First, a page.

“On schedule, several of the developers indicated their code was complete at a status meeting. I configured my local server to run the code and began my testing. Surprisingly (or perhaps not) this caused some problems.”
It showed up problems in the code, half-truths in project tracking and problems with configuration management. But as the initial shock wore off, and the developers became used to the idea, some powerful transformations occurred.
“We had automated hundreds of tests at the component level. We had validated many of the mapping documents. We had become active participants in design meetings (not all of them, but enough that we felt like we had a small victory). And by the end of our testing, we had developers (again not all of them) coming over to us and asking us to review their work. After the initial growing pains of the added visibility to the status of the code, most of the emotions died down, and we were able to release some great software.”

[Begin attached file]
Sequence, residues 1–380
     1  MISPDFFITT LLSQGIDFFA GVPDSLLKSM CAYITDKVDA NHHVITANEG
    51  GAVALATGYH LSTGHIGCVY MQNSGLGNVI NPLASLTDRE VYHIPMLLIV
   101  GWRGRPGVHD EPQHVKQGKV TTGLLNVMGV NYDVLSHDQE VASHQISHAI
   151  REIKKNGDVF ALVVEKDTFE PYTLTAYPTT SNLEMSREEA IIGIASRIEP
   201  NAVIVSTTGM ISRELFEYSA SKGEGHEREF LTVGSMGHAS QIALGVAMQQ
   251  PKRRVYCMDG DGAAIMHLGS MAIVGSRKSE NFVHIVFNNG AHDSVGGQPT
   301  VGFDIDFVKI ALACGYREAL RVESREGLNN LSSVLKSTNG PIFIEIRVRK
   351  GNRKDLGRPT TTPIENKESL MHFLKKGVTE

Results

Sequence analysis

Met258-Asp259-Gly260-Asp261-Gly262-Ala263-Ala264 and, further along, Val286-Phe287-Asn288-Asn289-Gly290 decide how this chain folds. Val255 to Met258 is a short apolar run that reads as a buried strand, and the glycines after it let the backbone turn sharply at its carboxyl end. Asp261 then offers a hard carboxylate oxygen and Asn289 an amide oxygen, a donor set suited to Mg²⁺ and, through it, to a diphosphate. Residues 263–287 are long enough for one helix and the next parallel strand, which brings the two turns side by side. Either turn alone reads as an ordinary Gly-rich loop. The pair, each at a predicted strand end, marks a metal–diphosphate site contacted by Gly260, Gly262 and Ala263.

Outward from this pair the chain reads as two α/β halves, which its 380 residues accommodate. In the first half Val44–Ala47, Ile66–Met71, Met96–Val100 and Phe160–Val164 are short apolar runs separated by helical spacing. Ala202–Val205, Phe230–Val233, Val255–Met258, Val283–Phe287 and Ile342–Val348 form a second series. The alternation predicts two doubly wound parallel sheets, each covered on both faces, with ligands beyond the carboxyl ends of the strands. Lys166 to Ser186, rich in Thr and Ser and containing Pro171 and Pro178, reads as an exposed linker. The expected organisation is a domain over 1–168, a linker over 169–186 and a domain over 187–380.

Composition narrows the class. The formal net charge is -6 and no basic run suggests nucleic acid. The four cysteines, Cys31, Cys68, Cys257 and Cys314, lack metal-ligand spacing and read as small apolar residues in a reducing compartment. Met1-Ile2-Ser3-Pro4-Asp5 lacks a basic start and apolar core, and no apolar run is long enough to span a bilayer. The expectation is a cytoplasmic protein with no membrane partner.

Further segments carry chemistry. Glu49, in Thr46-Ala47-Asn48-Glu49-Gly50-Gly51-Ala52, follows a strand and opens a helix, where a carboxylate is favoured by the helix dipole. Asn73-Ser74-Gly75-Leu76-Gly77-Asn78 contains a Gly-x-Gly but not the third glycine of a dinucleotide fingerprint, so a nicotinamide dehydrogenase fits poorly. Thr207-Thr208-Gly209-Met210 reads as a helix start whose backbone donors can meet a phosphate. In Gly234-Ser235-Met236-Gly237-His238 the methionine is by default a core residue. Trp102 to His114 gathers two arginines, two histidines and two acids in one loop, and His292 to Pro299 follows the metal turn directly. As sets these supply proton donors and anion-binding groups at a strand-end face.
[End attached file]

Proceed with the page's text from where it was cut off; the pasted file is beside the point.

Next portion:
It’s a great story, and well worth a read. And please tell me about other stories like this, in which development groups learn to be agile by dipping a toe in the water…